Mobile // Mobile Devices
12:15 AM
Ed Hansberry
Ed Hansberry

Android Lawsuits: Google Finds Its Voice

Now that Apple has HTC on the ropes for patent violations in Android, Google has stated it will not let HTC lose this case.

Until now, Google has been content to largely sit on the sidelines during the lawsuits being filed by Microsoft and Apple against handset makers using Android in their devices. A recent ruling against HTC on Android patent violations has spurred Google to speak up.

On July 15, the U.S. International Trade Commission found HTC guilty of infringing on two Apple patents. HTC may be barred from bringing phones into the U.S. if this decision is upheld. Last year HTC agreed to pay Microsoft $5 per Android device sold. That deal only covers Microsoft's patents though, and potentially Nokia's as well since the software giant now has an access to Nokia's intellectual property. Apple's patents are a different matter.

This loss prompted Google Executive Chairman Eric Schmidt to defend HTC. Schmidt was asked if Google would provide financial support for HTC if it were to ultimately lose this case. His response was "we will make sure they don't lose, then."

He then went on to accuse those suing as simply being jealous of Android's success in the market. "We have seen an explosion of Android devices entering the market and, because of our successes, competitors are responding with lawsuits as they cannot respond through innovations."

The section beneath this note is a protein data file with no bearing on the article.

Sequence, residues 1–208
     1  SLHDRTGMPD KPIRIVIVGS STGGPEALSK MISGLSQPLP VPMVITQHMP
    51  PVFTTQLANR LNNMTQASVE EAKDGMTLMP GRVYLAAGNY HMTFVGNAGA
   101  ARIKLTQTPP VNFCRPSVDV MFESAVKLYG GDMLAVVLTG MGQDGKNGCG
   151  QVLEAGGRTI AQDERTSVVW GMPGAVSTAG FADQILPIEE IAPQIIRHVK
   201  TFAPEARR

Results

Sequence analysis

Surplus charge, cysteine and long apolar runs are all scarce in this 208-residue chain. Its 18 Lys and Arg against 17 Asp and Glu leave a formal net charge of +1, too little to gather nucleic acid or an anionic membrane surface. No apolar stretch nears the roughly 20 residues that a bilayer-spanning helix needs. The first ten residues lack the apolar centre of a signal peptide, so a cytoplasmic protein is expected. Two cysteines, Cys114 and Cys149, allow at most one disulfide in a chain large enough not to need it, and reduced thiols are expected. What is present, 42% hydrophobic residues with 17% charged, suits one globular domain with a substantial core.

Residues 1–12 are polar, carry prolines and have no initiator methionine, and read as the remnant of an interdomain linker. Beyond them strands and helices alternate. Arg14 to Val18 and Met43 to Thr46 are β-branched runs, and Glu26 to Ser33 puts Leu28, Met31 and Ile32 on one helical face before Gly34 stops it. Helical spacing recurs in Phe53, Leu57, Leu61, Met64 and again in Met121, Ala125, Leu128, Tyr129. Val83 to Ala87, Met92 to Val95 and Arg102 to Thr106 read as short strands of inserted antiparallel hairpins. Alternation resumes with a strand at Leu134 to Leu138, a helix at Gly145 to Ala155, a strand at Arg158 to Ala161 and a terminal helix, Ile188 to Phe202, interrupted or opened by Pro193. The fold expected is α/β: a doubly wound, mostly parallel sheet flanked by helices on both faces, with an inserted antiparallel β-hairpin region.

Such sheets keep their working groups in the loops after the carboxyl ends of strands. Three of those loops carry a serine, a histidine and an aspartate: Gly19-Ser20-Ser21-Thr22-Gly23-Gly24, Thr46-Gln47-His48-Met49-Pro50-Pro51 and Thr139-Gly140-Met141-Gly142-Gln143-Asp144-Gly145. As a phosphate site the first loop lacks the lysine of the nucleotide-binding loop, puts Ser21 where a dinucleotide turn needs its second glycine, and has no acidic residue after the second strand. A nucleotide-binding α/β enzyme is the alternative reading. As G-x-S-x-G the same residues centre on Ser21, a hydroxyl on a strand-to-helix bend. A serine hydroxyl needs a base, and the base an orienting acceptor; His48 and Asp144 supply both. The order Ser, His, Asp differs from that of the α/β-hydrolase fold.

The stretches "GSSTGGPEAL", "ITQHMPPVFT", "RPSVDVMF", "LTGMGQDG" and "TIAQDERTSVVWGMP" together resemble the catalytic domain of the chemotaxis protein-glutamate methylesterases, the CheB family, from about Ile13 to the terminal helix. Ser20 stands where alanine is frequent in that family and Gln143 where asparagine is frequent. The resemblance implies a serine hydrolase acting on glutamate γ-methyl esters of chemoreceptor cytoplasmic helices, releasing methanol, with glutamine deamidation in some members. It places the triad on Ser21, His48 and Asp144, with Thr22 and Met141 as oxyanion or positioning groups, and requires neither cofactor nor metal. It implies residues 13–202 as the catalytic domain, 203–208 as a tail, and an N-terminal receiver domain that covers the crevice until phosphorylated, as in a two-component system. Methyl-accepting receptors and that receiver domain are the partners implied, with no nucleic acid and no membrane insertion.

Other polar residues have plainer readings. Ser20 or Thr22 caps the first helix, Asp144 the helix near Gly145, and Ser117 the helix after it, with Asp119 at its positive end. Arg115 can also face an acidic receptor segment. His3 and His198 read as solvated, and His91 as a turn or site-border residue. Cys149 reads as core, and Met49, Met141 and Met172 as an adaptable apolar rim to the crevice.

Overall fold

Schmidt can bluster about innovation and share all he wants, but that won't make these suits go away. In addition to HTC's $5 per handset settlement, Microsoft is trying to get Samsung to pay $15 per handset. Samsung is reported to be trying to settle for $10. These companies aren't settling for millions of dollars because these claims are without merit.

Google's problem is it doesn't have a strong intellectual property portfolio, at least when it comes to mobile phones. It lost a bid for Nortel's patent portfolio to a consortium of Microsoft, Apple, RIM, and others. Best case, this gives Microsoft and Apple additional protection from any patent infringement suits against them. Worst case, it gives both companies more ammunition with which to go after Google's mobile phone partners.

Schmidt wasn't clear on what he meant when he said Google wouldn't let HTC lose. It could unleash its own attorneys, at its expense, to defend HTC, or it could work out some sort of financial arrangement with Apple for the two patents in question. We'll have to see how this unfolds as the fight to overturn the ITC's ruling progresses.

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